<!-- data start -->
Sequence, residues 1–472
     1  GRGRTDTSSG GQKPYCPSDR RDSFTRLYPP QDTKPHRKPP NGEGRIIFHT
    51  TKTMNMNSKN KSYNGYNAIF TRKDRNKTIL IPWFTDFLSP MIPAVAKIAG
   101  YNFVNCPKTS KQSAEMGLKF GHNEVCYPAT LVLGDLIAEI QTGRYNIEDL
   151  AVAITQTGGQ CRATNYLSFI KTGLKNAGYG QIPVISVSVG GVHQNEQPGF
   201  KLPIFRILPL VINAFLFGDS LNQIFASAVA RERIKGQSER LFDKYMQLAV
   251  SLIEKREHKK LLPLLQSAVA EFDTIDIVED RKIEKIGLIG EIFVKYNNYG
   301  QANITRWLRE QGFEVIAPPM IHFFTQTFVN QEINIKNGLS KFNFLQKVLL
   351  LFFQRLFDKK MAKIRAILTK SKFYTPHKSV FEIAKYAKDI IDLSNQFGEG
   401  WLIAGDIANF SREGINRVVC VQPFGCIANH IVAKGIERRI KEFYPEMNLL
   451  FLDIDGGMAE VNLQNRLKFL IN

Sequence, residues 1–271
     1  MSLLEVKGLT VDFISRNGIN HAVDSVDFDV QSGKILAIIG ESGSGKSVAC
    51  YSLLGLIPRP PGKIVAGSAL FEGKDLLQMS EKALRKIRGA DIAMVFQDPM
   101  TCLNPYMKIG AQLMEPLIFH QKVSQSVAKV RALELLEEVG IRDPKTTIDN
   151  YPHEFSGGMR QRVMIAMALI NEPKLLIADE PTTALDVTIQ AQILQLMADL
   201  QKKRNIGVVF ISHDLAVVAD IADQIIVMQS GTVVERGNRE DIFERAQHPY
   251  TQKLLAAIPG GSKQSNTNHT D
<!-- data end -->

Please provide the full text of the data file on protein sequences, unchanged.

Sequence, residues 1–472
     1  GRGRTDTSSG GQKPYCPSDR RDSFTRLYPP QDTKPHRKPP NGEGRIIFHT
    51  TKTMNMNSKN KSYNGYNAIF TRKDRNKTIL IPWFTDFLSP MIPAVAKIAG
   101  YNFVNCPKTS KQSAEMGLKF GHNEVCYPAT LVLGDLIAEI QTGRYNIEDL
   151  AVAITQTGGQ CRATNYLSFI KTGLKNAGYG QIPVISVSVG GVHQNEQPGF
   201  KLPIFRILPL VINAFLFGDS LNQIFASAVA RERIKGQSER LFDKYMQLAV
   251  SLIEKREHKK LLPLLQSAVA EFDTIDIVED RKIEKIGLIG EIFVKYNNYG
   301  QANITRWLRE QGFEVIAPPM IHFFTQTFVN QEINIKNGLS KFNFLQKVLL
   351  LFFQRLFDKK MAKIRAILTK SKFYTPHKSV FEIAKYAKDI IDLSNQFGEG
   401  WLIAGDIANF SREGINRVVC VQPFGCIANH IVAKGIERRI KEFYPEMNLL
   451  FLDIDGGMAE VNLQNRLKFL IN

Sequence, residues 1–271
     1  MSLLEVKGLT VDFISRNGIN HAVDSVDFDV QSGKILAIIG ESGSGKSVAC
    51  YSLLGLIPRP PGKIVAGSAL FEGKDLLQMS EKALRKIRGA DIAMVFQDPM
   101  TCLNPYMKIG AQLMEPLIFH QKVSQSVAKV RALELLEEVG IRDPKTTIDN
   151  YPHEFSGGMR QRVMIAMALI NEPKLLIADE PTTALDVTIQ AQILQLMADL
   201  QKKRNIGVVF ISHDLAVVAD IADQIIVMQS GTVVERGNRE DIFERAQHPY
   251  TQKLLAAIPG GSKQSNTNHT D